The sound level of the UCS was checked with an external digital sound level meter prior to each task. The ambient temperature of the room was recorded using a digital thermometer, as this can correlate positively with SCR level, when tested over a range from 20–40°C affect SCR [60]. Most Control participants were tested in a research facility room (median temperature 21.0°C; range 18.9–23.3°C), whereas DMD participants were tested in several different clinical settings (median temperature 19.3°C; range 18.3–22.5°C). Whilst there was a significant difference between these values on Mann Whitney U-test comparisons (U = 10.5, P = .04), temperature did not correlate with either baseline SCR (rho = 0.15, P = 0.58) or SCRuc (rho = -0.13, P = 0.66). Linear regression analysis confirmed that temperature was not a significant predictor of either of these variables.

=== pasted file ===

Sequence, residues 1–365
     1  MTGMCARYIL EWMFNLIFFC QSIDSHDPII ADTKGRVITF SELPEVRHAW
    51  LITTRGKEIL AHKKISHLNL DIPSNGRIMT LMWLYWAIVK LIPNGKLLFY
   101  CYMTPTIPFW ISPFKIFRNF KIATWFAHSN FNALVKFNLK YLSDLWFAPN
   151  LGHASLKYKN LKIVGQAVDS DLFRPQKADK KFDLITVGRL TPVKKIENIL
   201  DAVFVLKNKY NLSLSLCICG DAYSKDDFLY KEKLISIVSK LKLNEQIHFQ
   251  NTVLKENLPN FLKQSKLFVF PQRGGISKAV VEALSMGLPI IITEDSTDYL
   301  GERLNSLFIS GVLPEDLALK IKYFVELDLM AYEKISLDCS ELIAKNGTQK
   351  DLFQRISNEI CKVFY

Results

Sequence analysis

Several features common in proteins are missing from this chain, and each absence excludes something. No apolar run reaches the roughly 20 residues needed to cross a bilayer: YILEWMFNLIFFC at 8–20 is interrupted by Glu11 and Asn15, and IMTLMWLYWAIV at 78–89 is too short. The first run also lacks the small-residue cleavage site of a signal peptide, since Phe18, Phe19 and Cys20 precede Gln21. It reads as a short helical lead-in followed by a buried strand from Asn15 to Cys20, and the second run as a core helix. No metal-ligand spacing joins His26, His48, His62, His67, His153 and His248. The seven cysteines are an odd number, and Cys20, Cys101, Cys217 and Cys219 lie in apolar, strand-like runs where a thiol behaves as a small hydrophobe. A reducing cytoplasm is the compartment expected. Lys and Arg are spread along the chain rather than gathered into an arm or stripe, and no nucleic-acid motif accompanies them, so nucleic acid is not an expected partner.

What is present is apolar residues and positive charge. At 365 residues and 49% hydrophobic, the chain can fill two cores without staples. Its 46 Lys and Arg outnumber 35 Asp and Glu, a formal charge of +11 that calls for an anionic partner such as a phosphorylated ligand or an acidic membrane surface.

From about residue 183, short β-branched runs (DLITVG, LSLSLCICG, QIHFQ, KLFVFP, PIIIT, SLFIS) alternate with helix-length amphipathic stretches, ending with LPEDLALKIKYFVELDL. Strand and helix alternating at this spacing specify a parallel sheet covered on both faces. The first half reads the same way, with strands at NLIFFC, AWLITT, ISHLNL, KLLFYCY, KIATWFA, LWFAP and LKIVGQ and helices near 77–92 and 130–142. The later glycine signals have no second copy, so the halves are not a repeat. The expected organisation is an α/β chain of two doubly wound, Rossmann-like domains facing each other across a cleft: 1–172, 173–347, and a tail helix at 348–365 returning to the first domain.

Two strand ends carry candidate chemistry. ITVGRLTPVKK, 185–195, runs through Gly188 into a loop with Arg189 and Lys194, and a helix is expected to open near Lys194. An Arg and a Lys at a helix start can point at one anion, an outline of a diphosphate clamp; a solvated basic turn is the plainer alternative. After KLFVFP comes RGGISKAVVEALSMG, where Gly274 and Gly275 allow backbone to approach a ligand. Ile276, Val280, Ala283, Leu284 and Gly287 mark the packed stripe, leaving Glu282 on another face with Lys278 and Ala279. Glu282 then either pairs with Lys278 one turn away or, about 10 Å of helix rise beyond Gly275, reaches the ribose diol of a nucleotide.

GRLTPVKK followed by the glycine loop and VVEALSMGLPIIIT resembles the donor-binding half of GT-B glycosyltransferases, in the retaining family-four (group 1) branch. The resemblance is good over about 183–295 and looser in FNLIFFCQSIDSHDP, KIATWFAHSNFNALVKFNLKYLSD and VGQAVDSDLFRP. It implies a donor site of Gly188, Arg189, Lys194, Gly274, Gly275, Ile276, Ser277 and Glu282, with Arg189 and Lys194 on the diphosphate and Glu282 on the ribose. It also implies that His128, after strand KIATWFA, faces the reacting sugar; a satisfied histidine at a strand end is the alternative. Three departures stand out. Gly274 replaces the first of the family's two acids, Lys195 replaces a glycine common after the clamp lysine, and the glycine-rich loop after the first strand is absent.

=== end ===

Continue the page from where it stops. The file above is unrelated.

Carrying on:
EDA recordings were re-sampled at 15.625Hz and filtered using a 1Hz low pass filter, following Biopac EDA guidelines, to rectify and smooth the data. ECG recordings were filtered using a band pass filter at 1–35 Hz, as per Biopac guidelines, and 2% noise rejection to optimise ECG complex peak detection [59]. ECG data was transformed into R-R intervals in seconds, the time intervals between each heartbeat (the ‘R’ indicating the R-wave, which is the maximal positive peak of the ECG complex).

Empirical optimisation of sampling window.